Past chemical warfare agent attacks often mention the use of mixtures of chemicals or impure-incomplete formulation. Terrorist groups may also generate new chemical toxic agents. Those situations involve unknown compounds and thus may be undetectable by traditional methods. Indeed, standoff gas detection with infrared devices traditionally relies on the comparison between measured signal with a library of signals included in a database. Observing the gas absorption in infrared band III (LWIR 8-14 μm), our multispectral infrared camera is used to detect gas clouds up to a range of several kilometers, to provide identification of gas type and to follow the motion of the cloud in real time. The approach described in this paper develops an algorithm that enables the device to detect gas even if the measured signature is not in the database – pattern-matching-free algorithm. This detection process has been evaluated in the laboratory and subjected to significant experimental feedbacks. The results are a capability to detect unknown gases and gas mixtures.
Le Brun Gay, Aymeric Alazarine, Sylvain Favier, and Sébastien Blanchard, "Detecting unknown chemical clouds at distance with multispectral imagery," Proc. SPIE 10629, Chemical, Biological, Radiological, Nuclear, and Explosives (CBRNE) Sensing XIX, 106290X (Presented at SPIE Defense + Security: April 17, 2018; Published: 16 May 2018); https://doi.org/10.1117/12.2305362.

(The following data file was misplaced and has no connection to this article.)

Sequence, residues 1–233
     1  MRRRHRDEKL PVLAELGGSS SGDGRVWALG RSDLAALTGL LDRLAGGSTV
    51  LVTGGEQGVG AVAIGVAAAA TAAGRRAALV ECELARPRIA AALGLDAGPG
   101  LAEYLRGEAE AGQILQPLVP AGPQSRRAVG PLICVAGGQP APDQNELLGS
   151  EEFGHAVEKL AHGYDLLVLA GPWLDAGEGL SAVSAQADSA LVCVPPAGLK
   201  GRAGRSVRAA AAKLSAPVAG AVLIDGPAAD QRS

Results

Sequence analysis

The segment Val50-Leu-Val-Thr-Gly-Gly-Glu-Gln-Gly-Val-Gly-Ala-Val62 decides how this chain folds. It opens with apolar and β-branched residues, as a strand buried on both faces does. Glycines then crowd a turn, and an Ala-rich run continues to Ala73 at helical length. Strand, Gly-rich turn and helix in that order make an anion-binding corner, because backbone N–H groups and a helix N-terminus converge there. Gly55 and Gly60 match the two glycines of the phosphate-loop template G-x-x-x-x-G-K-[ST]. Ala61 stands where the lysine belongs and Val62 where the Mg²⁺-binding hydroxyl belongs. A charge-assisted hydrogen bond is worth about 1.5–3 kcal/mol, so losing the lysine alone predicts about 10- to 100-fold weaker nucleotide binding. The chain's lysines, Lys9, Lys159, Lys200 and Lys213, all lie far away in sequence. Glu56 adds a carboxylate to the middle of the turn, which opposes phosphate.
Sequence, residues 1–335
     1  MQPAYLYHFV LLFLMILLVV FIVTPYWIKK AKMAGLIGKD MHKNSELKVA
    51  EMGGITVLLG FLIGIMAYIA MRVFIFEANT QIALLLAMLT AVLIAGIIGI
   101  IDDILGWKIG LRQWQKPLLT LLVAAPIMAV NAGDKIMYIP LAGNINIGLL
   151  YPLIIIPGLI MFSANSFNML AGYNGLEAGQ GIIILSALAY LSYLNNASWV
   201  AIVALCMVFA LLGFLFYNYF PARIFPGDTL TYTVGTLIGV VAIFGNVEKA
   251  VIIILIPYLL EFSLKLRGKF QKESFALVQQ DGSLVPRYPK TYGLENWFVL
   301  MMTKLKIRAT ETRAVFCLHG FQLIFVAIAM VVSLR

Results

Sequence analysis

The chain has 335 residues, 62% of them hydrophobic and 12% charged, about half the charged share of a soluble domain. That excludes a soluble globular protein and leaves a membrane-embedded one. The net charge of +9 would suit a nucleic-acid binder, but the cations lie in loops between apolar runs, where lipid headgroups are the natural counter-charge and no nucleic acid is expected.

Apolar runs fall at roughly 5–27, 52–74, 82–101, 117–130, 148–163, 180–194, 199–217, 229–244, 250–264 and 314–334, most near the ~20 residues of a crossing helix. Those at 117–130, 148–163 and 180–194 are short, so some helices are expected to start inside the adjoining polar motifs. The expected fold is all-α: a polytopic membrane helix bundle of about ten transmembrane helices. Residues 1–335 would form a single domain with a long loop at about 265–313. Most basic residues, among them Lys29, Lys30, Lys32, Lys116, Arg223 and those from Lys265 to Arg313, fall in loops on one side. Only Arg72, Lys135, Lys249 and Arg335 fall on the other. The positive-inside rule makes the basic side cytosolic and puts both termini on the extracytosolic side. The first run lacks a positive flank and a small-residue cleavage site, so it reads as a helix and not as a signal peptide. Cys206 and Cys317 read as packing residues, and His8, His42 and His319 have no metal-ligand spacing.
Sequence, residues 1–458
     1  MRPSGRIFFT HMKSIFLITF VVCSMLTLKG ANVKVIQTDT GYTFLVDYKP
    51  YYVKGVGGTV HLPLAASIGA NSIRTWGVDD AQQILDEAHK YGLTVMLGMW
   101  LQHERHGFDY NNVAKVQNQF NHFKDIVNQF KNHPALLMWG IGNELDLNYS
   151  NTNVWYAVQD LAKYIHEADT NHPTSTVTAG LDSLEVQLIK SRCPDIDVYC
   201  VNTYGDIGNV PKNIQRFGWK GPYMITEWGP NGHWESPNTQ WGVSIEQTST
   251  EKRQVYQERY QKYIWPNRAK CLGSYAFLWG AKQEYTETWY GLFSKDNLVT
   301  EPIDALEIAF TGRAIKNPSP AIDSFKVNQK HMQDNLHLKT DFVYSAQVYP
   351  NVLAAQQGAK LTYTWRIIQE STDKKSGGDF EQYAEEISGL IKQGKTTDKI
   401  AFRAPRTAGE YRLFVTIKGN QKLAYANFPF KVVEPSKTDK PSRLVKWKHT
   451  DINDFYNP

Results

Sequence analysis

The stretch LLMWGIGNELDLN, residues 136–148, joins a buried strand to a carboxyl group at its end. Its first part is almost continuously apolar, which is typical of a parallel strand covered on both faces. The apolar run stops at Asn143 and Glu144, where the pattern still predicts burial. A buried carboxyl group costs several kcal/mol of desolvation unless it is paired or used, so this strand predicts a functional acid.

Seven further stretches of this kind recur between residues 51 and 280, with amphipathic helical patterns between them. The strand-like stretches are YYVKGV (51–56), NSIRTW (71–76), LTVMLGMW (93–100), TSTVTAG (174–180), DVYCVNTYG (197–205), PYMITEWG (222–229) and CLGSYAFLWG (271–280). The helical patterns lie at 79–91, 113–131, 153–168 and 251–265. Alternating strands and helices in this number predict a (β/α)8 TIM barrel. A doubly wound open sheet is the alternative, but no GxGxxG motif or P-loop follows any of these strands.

Conference Presentations are recordings of oral presentations given at SPIE conferences and published as part of the proceedings. They include the speaker's narration with video of the slides and animations. Most include full-text papers. Interactive, searchable transcripts and closed captioning are now available for most presentations.
Search our growing collection of more than 22,000 conference presentations, including many plenaries and keynotes.